Edward Hindle

Eminent biologist and zoologist who introduced the golden hamster to the UK, Professor Edward
Hindle, completed the Diploma in Chemistry & Dyeing at Bradford Technical College in 1903.

Edward HindleClasses at Bradford Technical College set Edward Hindle on the path of a prestigious career which saw him travelling the world. A Bradford City Council Exhibition holder, he passed the College Diploma in Chemistry & Dyeing and won first place in a National Scholarship in Biology at South Kensington.

After 3 years at the Royal College of Science and then King’s College in London, he achieved his Associate in Zoology in 1906. He became a Research Assistant at the School of Tropical Medicine in Liverpool in 1907 and the following year worked at a marine biological station before research at the University of California. He was awarded his PhD in 1910. Apart from the summer of 1911, when he studied at the Institut Pasteur in Paris, he undertook research and study in Cambridge, gaining a BA in 1912 and an MA in 1917, and years later in 1929, he was awarded a DSc.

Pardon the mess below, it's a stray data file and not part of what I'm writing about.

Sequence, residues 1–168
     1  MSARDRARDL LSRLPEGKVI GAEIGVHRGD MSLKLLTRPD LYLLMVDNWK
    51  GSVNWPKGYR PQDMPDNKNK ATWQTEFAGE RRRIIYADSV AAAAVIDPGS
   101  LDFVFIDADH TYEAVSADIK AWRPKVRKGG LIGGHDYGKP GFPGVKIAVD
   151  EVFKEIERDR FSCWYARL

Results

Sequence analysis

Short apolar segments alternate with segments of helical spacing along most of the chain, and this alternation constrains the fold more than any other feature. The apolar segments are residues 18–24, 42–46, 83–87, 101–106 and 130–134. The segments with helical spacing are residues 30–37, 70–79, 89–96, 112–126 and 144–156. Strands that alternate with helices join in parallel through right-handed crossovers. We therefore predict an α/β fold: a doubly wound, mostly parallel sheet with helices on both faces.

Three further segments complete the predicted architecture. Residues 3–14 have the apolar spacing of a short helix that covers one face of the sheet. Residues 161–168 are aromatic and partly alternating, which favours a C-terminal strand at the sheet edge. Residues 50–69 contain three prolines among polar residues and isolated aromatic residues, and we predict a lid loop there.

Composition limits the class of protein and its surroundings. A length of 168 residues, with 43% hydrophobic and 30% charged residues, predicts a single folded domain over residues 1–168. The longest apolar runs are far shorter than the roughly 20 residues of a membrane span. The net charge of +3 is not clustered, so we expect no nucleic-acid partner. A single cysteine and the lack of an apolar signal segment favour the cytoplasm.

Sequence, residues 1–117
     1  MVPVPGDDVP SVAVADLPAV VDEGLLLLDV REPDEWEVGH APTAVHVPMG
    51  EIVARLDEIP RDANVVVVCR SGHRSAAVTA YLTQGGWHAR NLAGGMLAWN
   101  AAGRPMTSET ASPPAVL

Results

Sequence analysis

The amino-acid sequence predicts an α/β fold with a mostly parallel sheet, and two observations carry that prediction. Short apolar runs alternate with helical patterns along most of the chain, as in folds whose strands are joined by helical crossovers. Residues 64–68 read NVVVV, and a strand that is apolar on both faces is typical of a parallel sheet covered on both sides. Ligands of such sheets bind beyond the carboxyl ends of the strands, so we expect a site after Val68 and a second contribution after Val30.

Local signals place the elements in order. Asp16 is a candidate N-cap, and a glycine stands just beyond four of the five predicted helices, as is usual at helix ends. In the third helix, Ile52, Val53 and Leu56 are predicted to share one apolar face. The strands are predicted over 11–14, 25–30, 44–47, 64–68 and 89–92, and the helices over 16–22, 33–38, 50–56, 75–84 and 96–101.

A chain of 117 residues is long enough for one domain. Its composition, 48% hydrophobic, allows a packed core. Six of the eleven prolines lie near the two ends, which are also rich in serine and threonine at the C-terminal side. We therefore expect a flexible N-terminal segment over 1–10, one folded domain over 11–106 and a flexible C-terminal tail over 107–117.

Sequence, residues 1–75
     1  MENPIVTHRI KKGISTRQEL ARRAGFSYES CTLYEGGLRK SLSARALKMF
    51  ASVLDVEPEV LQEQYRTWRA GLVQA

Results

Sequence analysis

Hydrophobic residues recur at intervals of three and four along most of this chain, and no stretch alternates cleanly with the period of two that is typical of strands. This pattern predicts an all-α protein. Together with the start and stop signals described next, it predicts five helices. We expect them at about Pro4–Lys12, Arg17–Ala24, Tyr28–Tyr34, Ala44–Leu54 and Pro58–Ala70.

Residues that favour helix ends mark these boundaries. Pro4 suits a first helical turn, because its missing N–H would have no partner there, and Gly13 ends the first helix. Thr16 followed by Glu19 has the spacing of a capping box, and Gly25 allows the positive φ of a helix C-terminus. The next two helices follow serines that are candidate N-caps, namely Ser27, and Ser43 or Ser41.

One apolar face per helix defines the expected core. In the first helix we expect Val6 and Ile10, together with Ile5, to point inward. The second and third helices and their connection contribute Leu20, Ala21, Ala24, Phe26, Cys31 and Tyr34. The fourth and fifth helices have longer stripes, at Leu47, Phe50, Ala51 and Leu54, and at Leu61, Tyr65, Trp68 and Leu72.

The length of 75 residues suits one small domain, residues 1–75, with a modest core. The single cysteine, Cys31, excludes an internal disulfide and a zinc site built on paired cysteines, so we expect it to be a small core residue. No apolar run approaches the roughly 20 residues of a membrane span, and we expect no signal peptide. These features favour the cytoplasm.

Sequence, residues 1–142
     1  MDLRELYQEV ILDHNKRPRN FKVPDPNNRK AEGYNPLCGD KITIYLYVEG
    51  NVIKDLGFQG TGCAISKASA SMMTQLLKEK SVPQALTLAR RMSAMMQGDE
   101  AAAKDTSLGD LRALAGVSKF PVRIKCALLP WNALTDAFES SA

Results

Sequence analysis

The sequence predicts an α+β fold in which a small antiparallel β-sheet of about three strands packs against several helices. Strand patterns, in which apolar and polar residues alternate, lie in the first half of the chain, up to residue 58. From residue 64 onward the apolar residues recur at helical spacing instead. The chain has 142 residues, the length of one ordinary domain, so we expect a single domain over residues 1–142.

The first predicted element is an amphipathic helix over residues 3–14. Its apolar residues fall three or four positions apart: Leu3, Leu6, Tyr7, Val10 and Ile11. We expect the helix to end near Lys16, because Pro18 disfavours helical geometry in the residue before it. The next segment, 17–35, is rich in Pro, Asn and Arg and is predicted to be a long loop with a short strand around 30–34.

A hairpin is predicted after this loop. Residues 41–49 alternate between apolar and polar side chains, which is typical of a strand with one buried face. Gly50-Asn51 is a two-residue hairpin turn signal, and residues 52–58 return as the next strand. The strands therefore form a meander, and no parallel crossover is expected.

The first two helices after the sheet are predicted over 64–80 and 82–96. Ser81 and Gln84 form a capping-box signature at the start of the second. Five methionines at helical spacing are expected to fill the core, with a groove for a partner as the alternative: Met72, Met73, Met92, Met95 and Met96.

His career was interrupted by WWI and he served with the Royal Engineers Signals Service in France and Palestine. After the war he travelled widely in various high profile posts overseas, interspersed with prestigious research positions in London, specialising in tropical medicine, and undertaking research in in protozoology and parasitology, particularly insect-transmitted infections. He spent 5 years as Professor of Biology and Parasitology at the Cairo School of Medicine, followed by a year at the London School of Hygiene & Tropical Medicine; 3 years with the Royal Society’s Kalaazar Commission in China preceded 5 years as Research Fellow in Tropical Medicine at the Wellcome Bureau of Scientific Research in London.

He was Regius Professor of Zoology at the University of Glasgow from 1935 until 1944, founding and becoming President of the Zoological Society of Glasgow during this period. He then became Scientific Director at the Zoological Society of London from 1944 to 1951. He was a Fellow of the Royal Society, made a Freeman of the City of London, and he held executive positions in a number of distinguished societies, including General Secretary of the British Association for the Advancement of Science, Founder and First President of the Institute of Biology, and Honorary Secretary of the Royal Geographical Association.

He received the first pair of golden hamsters from Syria and retained a lifelong interest in them, writing the foreword to Jean Cook’s Hamster Guidance in 1948.

Professor Edward Hindle died in January 1973.

Photograph supplied by the University of Glasgow